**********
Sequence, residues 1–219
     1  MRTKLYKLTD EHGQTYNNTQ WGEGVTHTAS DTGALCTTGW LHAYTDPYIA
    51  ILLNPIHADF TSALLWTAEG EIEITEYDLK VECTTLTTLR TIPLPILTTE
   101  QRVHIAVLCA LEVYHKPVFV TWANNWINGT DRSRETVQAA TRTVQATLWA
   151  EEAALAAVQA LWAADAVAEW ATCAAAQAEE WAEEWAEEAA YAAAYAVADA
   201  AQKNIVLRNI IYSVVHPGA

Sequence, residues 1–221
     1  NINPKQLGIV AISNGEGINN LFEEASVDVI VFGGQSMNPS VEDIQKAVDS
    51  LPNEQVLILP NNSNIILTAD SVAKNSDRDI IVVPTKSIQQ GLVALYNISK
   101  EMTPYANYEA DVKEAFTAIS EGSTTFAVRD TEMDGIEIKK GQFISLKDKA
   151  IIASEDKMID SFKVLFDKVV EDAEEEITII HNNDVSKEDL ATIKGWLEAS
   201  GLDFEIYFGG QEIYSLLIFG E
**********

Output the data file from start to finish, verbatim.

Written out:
Sequence, residues 1–219
     1  MRTKLYKLTD EHGQTYNNTQ WGEGVTHTAS DTGALCTTGW LHAYTDPYIA
    51  ILLNPIHADF TSALLWTAEG EIEITEYDLK VECTTLTTLR TIPLPILTTE
   101  QRVHIAVLCA LEVYHKPVFV TWANNWINGT DRSRETVQAA TRTVQATLWA
   151  EEAALAAVQA LWAADAVAEW ATCAAAQAEE WAEEWAEEAA YAAAYAVADA
   201  AQKNIVLRNI IYSVVHPGA

Sequence, residues 1–221
     1  NINPKQLGIV AISNGEGINN LFEEASVDVI VFGGQSMNPS VEDIQKAVDS
    51  LPNEQVLILP NNSNIILTAD SVAKNSDRDI IVVPTKSIQQ GLVALYNISK
   101  EMTPYANYEA DVKEAFTAIS EGSTTFAVRD TEMDGIEIKK GQFISLKDKA
   151  IIASEDKMID SFKVLFDKVV EDAEEEITII HNNDVSKEDL ATIKGWLEAS
   201  GLDFEIYFGG QEIYSLLIFG E